Demand for EVs remained strong in 2021, but we can argue that if it were not for the well-known component shortages that continue to affect all car manufacturers worldwide, many more would have been sold.
Global electric vehicle sales to grow 109% year-on-year in 2021
Despite unfavourable market conditions, renowned consulting firms in their research on the global EV market estimate that 6.5 million EVs will be sold worldwide in 2021, up 109% from 2020. This number of EVs includes fully electric and plug-in hybrid passenger cars. The overall global automotive market grew by only 4% in 2021 as it continued to face COVID-19-related constraints and chip shortages. EV sales accounted for 9% of all passenger car sales in 2021.
The following points provide an overview of the global sales figures:
- Worldwide, 85% of EVs sold were delivered to customers in mainland China and Europe.
- In 2021, 3.2 million EVs were sold in Mainland China, accounting for 15% of all new car sales.
- In Europe, 2.3 million EVs have been sold, accounting for 19% of new cars.
- By comparison, although demand is growing, in the US in 2021, EVs accounted for only 4% of new car sales, or around 535,000 units.
While the purchase prices of most EV models are currently still higher than comparable internal combustion engine cars, EVs are expected to reach a comparable purchase price to conventional models around 2025. More important for consumers, however, is the total lifetime cost (TCO) of the car, which is already lower for some EVs. This is based on a consideration of how much the car costs in fuel, maintenance and insurance.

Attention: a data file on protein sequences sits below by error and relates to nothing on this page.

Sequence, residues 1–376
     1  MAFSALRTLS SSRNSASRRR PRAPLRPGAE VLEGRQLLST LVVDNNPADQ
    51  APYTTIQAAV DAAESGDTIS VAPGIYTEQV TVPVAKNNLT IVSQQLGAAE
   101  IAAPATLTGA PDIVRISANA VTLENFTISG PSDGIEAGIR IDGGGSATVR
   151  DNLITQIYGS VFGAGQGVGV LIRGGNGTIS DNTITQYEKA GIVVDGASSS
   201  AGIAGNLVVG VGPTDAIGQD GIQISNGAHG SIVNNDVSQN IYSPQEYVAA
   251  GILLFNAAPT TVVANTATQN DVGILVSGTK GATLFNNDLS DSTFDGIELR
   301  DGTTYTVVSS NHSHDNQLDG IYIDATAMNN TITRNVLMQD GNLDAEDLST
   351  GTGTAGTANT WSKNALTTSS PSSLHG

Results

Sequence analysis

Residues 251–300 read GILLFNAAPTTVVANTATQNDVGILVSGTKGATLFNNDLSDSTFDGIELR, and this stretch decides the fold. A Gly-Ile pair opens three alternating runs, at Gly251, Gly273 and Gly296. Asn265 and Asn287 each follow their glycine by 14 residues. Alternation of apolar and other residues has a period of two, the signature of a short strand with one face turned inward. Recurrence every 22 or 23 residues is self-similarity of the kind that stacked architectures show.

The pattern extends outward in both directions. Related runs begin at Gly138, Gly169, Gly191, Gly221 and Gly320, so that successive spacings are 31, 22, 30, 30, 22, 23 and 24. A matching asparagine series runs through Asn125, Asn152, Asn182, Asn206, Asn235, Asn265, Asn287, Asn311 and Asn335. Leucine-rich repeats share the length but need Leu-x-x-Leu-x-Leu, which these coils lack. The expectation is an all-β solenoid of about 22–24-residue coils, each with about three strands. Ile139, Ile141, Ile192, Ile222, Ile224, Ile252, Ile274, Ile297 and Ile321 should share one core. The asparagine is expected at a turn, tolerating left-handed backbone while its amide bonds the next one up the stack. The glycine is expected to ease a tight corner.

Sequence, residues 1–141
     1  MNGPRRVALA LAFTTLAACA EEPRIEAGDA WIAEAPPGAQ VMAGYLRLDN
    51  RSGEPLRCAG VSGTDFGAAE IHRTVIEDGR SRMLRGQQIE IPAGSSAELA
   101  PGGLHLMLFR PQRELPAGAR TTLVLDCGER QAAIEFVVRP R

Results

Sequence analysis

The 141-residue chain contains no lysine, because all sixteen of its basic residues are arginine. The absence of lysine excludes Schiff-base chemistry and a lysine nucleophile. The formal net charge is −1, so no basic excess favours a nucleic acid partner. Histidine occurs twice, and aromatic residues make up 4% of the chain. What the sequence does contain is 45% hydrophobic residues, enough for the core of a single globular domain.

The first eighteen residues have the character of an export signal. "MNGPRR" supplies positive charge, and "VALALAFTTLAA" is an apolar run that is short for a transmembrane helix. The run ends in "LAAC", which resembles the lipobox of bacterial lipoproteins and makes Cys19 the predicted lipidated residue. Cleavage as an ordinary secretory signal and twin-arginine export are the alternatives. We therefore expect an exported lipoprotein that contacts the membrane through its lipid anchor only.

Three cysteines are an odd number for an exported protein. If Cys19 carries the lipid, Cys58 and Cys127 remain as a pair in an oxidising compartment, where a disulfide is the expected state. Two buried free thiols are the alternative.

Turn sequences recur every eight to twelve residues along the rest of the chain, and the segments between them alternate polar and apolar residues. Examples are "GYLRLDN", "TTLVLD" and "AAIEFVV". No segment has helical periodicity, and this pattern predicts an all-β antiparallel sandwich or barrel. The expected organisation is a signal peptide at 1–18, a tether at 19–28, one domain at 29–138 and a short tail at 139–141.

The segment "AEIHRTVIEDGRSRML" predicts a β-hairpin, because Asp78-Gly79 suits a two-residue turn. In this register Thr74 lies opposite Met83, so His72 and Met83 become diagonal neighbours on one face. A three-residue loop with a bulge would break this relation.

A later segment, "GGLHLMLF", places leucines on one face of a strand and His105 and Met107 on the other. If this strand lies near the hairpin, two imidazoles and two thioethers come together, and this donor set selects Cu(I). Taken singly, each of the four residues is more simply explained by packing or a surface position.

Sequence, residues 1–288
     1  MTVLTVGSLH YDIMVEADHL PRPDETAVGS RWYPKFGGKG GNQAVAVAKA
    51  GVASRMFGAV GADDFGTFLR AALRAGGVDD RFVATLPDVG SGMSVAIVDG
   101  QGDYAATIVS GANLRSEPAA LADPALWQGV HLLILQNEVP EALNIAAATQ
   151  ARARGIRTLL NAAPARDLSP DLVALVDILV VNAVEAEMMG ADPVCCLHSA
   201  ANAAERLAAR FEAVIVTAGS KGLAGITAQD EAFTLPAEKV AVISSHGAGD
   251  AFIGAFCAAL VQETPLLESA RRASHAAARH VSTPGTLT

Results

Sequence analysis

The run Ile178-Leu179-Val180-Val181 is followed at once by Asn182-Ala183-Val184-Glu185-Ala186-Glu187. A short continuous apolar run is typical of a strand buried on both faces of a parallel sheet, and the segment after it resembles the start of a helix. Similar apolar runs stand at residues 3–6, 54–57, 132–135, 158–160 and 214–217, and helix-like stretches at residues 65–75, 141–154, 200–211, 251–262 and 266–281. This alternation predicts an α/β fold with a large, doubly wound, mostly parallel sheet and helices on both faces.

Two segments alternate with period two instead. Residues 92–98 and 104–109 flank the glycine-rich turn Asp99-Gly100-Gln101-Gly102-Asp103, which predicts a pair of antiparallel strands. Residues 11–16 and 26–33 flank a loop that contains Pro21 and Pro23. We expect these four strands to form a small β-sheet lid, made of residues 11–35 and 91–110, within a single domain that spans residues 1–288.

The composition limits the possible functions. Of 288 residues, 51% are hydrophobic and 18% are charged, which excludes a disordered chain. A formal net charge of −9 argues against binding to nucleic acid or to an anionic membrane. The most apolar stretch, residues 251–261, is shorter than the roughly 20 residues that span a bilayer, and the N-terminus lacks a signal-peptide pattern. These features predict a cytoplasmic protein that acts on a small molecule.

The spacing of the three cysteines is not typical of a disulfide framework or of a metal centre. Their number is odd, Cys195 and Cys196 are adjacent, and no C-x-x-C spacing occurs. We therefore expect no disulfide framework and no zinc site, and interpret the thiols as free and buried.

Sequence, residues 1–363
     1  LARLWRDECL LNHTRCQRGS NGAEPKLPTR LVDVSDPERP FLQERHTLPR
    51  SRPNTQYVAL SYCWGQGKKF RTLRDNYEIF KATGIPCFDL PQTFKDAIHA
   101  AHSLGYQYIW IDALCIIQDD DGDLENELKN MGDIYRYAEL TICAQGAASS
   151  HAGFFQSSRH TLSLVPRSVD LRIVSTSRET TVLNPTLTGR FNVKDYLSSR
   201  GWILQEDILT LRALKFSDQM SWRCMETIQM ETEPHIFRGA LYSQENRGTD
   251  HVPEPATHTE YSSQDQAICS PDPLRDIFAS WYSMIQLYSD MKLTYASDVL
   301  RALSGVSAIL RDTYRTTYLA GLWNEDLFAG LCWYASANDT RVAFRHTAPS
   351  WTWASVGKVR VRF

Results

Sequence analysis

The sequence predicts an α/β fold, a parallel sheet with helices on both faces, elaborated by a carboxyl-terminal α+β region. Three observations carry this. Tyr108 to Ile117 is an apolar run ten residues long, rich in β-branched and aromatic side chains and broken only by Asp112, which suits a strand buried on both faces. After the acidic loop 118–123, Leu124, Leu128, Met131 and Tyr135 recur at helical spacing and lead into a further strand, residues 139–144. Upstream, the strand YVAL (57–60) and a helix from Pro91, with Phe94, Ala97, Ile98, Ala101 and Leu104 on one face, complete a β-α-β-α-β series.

The key to making EVs more affordable is sensibly designed incentive-based taxation. For example, bonus-malus tax systems in countries such as France, Italy and Sweden, which offset financial support for zero-emission cars with higher taxes on polluting vehicles.
Canalys, the world's leading technology market analyst firm, reports that more than 3.2 million EVs will be sold in mainland China in 2021, half of all EVs sold in the world, and 2 million more than will be sold in the country in 2020. In every major market segment, many new models are appearing every month, from small and inexpensive city cars to mainstream and premium sedans and SUVs. In 2021, 15% of new cars sold in mainland China were electric, more than double the 2020 figure, and there is still a huge opportunity for future growth in 2022 and beyond.
Europe still boasts the highest EV growth rate
Traditional car manufacturers in Europe are increasingly "electrifying" their product lines. In 2021, EVs accounted for 19% of total car sales and 2.3 million cars were delivered. The best-selling EV in Europe in 2021 was the Tesla Model 3, but the leading EV manufacturer was Volkswagen Group, with several models from Audi, Skoda and VW selling well.
EV sales in the US continue to lag behind those in mainland China and Europe. Only 4% of new cars sold in the US in 2021 were EVs. With several new EVs launched in 2021 and sales momentum and consumer interest increasing, Tesla continues to dominate EV sales in the US with an estimated share of just under 60%.
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